Inside, a search team discovered shotguns in the hideout, but no explosives. Drugs are also commonly found in stash houses, however, authorities refused to comment on whether they seized illegal substances because of the ongoing investigation

The six migrants were shepherded away from the suspects and allowed to sit in a group without being handcuffed. Conditions inside the stash houses are generally appalling and pose health hazards. Migrants are typically crammed into small spaces

The six migrants were shepherded away from the suspects and allowed to sit in a group without being handcuffed. Conditions inside the stash houses are generally appalling and pose health hazards. Migrants are typically crammed into small spaces

'This was a stash house for human smuggling,' a La Joya police officer told DailyMail.com. 'The six who came out later weren't hostages, but they were there while they waited to be transported elsewhere.

'Typically in those situations, people are held while they move up the chain to other houses in other cities so they can try to disappear.

'The helicopter was there to act as a spotter in case anyone ran from the house or there were other security issues.

'He said police were on the scene after a call from "an anonymous source who said there were people being forced into the house".'

When officers arrived the suspects were outside the building and immediately arrested.

The officer added: 'We then had to wait while we got a search warrant, which took a considerable time.

'When we got it, we went in immediately. And with the help of one of the suspects, he called out the people who were still inside to come out.'

Inside, a search team discovered shotguns in the hideout, but no explosives. Drugs are also commonly found in stash houses, used as staging posts for marijuana as well as people. 

The six migrants are believed to have been 'runners' who hope to slip into the US unnoticed instead of going through the asylum process

The six migrants are believed to have been 'runners' who hope to slip into the US unnoticed instead of going through the asylum process

The migrants were searched were searched and processed by Border Patrol Agents before being taken into their custody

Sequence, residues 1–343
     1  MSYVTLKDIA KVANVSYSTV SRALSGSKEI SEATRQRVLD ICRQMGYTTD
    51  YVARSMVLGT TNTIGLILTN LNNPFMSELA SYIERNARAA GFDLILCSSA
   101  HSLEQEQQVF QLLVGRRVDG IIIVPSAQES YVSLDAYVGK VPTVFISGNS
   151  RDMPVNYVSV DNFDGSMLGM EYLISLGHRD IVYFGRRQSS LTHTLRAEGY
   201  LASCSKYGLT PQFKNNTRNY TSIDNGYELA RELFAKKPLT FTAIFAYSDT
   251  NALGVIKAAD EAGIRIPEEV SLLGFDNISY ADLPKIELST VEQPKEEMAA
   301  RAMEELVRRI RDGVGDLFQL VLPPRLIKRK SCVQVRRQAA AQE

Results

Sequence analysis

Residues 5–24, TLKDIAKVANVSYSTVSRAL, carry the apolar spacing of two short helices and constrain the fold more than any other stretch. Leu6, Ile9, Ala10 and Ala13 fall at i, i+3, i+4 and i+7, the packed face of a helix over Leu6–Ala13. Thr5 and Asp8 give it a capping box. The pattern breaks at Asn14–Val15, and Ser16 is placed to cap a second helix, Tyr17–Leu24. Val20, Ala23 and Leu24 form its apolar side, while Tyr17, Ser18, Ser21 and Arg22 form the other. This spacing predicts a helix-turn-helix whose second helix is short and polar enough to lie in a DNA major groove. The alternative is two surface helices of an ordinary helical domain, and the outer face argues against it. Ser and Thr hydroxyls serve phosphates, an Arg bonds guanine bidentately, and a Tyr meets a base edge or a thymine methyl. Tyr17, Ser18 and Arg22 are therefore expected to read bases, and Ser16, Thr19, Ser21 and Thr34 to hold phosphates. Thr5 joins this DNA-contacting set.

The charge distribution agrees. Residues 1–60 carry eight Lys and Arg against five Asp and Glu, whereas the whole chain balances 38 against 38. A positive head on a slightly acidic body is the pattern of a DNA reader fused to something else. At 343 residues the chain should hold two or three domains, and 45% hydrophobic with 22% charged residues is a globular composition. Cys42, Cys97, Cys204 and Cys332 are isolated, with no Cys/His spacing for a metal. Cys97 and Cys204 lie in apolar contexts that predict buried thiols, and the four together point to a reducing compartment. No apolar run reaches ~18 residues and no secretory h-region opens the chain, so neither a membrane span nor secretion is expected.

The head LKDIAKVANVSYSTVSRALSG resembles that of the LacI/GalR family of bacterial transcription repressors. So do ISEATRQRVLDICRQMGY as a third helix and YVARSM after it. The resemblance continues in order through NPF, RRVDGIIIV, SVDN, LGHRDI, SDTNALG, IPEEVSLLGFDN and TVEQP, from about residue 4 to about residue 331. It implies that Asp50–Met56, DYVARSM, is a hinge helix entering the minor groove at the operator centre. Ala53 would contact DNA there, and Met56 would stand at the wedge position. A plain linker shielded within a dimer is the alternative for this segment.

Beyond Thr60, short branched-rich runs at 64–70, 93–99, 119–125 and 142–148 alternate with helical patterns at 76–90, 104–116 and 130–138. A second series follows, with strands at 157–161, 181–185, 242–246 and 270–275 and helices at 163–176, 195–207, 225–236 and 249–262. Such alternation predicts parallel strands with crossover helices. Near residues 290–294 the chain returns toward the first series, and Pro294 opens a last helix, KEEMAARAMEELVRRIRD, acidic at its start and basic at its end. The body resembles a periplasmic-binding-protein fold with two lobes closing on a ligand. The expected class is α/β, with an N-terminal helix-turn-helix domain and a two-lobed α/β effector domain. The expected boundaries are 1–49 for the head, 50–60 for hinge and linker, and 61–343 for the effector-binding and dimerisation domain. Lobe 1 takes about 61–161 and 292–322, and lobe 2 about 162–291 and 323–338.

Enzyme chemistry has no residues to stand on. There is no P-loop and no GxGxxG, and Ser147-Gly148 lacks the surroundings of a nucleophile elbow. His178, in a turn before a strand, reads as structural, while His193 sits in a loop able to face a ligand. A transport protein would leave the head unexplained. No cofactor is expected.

The migrants were searched were searched and processed by Border Patrol Agents before being taken into their custody 

A Texas Highway Patrol helicopter was seen circling continuously overhead as more law enforcement piled into the area

A Texas Highway Patrol helicopter was seen circling continuously overhead as more law enforcement piled into the area

Stash houses are a crucial part of the trafficking of migrants from Central American countries such as Guatemala and Honduras, who pay extra to try to slip through the net

Stash houses are a crucial part of the trafficking of migrants from Central American countries such as Guatemala and Honduras, who pay extra to try to slip through the net 

'Regarding drugs, I can't be too detailed because it is still an ongoing investigation,' the officer said. 'These stash houses are common in our area. It's the second in a short while here, and this is a small location.'

The six migrants were shepherded away from the suspects and allowed to sit in a group without being handcuffed. They were eventually taken away by Border Patrol, while police took the arrested trio into custody. 

Stash houses run by ruthless Mexican cartels are an increasing problem in southern Texas as the smugglers fuel the growing migrant crisis on the US-Mexico frontier.

The houses are a crucial part of the trafficking of migrants from central American countries such as Guatemala and Honduras who pay extra to try to slip through the net.


Border Patrol Chief Agent Brian Hastings said his teams had just smashed five of them in the Rio Grande Valley section, resulting in 69 'illegal aliens' being held.

He also revealed his agents recently seized 1,450lbs of marijuana from five failed smuggling attempts. The hauls included a cache of guns and were worth $1million in total.

Some of the stash houses are small and contain only a few people like the one raided in La Joya. But some are large homes in wealthy neighborhoods. 

RVs and trailer park homes are also used to move illegal migrants and drug smugglers up the chain.

Border Patrol have busted stash houses containing up to 60 people. Most are men, but there are a few women and occasionally agents find children being dragged along in them.

Conditions inside the stash houses are generally appalling and a health hazard. Migrants are crammed into small spaces, often unable to keep themselves clean. They also lack air conditioning in the searing heat of the Rio Grande Valley where temperatures reached 106F last week. 

EXCLUSIVE: US Border Patrol and police officers in tactical gear are seen in dramatic raid of migrant 'stash house' in Texas where Mexican coyotes were harboring six illegal immigrants EXCLUSIVE: US Border Patrol and police officers in tactical gear are seen in dramatic raid of migrant 'stash house' in Texas where Mexican coyotes were harboring six illegal immigrants Reviewed by STATION GOSSIP on 05:20 Rating: 5